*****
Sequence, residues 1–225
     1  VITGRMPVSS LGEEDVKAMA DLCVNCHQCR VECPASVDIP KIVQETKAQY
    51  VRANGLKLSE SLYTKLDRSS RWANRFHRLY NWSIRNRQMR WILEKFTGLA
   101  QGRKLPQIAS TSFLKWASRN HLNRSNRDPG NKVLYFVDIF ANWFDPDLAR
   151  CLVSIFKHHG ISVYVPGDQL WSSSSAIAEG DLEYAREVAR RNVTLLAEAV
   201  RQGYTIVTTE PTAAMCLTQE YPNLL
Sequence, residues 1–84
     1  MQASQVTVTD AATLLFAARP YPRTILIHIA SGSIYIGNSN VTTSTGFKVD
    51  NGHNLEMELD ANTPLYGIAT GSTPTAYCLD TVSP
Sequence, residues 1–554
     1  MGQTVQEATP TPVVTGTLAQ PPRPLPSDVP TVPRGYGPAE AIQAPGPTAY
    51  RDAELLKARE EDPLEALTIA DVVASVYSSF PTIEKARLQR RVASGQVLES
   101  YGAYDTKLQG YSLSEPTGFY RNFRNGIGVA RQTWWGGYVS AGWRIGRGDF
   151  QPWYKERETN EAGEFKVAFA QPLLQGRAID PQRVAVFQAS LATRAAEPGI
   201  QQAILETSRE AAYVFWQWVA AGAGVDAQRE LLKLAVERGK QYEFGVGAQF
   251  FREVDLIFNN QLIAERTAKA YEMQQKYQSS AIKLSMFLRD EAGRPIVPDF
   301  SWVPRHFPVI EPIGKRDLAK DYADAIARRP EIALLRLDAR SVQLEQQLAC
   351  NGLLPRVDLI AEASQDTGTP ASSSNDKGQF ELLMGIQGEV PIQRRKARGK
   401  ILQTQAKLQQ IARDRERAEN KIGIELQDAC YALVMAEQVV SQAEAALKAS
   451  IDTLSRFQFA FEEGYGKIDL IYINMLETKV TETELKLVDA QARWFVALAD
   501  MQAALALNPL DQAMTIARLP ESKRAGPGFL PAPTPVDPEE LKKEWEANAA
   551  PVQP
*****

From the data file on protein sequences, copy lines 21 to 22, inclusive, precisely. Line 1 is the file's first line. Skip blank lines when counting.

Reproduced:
   501  MQAALALNPL DQAMTIARLP ESKRAGPGFL PAPTPVDPEE LKKEWEANAA
   551  PVQP